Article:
My big beef is that every (non-dogmatic) Catholic mistake in history is trumpeted from the housetops and made far more than it was in historical context, while similar whoppers and embarrassing skeletons in the closet of science itself are rarely if ever heard about. And so, e.g., in secular treatments about Galileo, one rarely reads about how deeply he was into astrology. That doesn’t fit the mold and the plan and the usual spin, so it is left out. The goal is to make Christians and the Church look like idiots, not to present what actually happened, and to explain all the relevant considerations. The goal in most secular presentation and public education (consciously or not) is propaganda, not true education, where a thing is analyzed properly and fairly.

I include all these relevant factors in my treatments of the subject, so people can have a well-rounded treatment that respects all sides, rather than trying to make one out as idiots and the other as selfless truth machines, along with anachronistic projection of current scientific approaches back to a time 500 years ago that was very different from today.

Galileo was right about the science (i.e., heliocentrism), but for (partially) the wrong reasons. The folks in the Church who condemned his theories were wrong, but for (partially) the right reasons.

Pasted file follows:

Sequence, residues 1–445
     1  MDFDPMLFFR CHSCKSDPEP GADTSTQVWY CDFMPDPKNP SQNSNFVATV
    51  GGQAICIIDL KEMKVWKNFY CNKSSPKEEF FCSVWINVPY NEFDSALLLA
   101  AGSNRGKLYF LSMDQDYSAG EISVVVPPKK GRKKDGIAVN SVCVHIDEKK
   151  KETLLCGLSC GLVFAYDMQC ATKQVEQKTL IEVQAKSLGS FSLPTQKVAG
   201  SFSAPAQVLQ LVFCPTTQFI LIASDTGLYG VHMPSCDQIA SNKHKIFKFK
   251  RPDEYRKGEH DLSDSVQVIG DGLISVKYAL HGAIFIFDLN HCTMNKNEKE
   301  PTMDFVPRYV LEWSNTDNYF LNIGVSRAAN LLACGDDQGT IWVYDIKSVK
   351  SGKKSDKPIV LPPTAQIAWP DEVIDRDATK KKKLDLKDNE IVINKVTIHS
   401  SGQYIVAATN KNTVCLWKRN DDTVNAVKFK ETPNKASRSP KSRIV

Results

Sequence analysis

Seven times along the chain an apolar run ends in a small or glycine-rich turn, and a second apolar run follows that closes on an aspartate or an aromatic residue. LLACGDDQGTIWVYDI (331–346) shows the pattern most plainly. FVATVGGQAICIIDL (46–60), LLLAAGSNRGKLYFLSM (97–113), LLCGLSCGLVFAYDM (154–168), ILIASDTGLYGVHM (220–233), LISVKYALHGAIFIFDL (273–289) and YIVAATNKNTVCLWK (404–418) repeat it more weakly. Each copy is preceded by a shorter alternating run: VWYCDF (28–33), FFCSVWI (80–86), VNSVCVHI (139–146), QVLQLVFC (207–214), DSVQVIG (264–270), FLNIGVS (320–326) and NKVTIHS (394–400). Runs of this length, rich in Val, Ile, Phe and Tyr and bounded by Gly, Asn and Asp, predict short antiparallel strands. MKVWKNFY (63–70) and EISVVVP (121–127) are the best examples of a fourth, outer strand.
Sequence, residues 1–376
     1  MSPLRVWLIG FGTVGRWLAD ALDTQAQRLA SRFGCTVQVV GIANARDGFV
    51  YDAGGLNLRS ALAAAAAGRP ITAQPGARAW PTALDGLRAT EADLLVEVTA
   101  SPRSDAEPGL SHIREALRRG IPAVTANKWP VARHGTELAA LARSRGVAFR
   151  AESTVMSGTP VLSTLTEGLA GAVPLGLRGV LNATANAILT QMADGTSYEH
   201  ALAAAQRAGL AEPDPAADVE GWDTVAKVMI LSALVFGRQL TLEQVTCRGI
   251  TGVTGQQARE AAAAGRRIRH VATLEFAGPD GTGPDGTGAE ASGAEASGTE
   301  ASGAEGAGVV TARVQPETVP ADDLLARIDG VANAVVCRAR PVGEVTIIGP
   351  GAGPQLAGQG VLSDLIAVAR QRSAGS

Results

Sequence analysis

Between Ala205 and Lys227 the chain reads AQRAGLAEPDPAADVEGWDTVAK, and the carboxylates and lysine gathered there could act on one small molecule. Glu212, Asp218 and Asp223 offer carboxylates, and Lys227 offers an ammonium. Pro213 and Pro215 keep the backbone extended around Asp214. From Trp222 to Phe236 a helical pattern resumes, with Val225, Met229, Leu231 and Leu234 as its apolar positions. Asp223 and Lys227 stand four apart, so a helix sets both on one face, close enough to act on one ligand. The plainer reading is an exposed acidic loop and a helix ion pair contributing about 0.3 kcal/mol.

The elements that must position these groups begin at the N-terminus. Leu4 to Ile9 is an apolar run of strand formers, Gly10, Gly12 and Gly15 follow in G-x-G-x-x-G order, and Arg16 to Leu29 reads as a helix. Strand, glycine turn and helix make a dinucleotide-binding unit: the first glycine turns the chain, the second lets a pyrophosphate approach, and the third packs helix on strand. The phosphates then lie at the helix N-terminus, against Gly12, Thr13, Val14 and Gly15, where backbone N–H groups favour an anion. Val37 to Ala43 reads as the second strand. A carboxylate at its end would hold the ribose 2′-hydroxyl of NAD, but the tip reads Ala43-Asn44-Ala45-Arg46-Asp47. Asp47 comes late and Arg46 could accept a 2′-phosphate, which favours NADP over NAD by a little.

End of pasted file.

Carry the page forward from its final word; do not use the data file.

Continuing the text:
The Church as the Church is not an organ of scientific inquiry. Even when dogmas proclaim something like creation, they don’t explain the “how” but only state the bald fact that God created.

The Catholic theologians who claimed that Galileo didn’t see what he saw in his telescope were out of bounds.

And these were the minority, which is itself caricatured, as I noted above, with a quote from Thomas Kuhn.

Scientists shouldn’t get all angry about a caricature of actual Catholic teaching and action.

There are all kinds of distortions about the history of this affair. The Catholic Encyclopedia makes it clear that no dogmatic proclamations were involved:

As to the decree of 1616, we have seen that it was issued by the Congregation of the Index, which can raise no difficulty in regard of infallibility, this tribunal being absolutely incompetent to make a dogmatic decree. Nor is the case altered by the fact that the pope approved the Congregation’s decision in forma communi, that is to say, to the extent needful for the purpose intended, namely to prohibit the circulation of writings which were judged harmful. . . . As to the second trial in 1633, this was concerned not so much with the doctrine as with the person of Galileo, and his manifest breach of contract in not abstaining from the active propaganda of Copernican doctrines. The sentence, passed upon him in consequence, clearly implied a condemnation of Copernicanism, but it made no formal decree on the subject, and did not receive the pope’s signature.

When the Church defined that a soul is created at conception, was it trying to scientifically explain conception?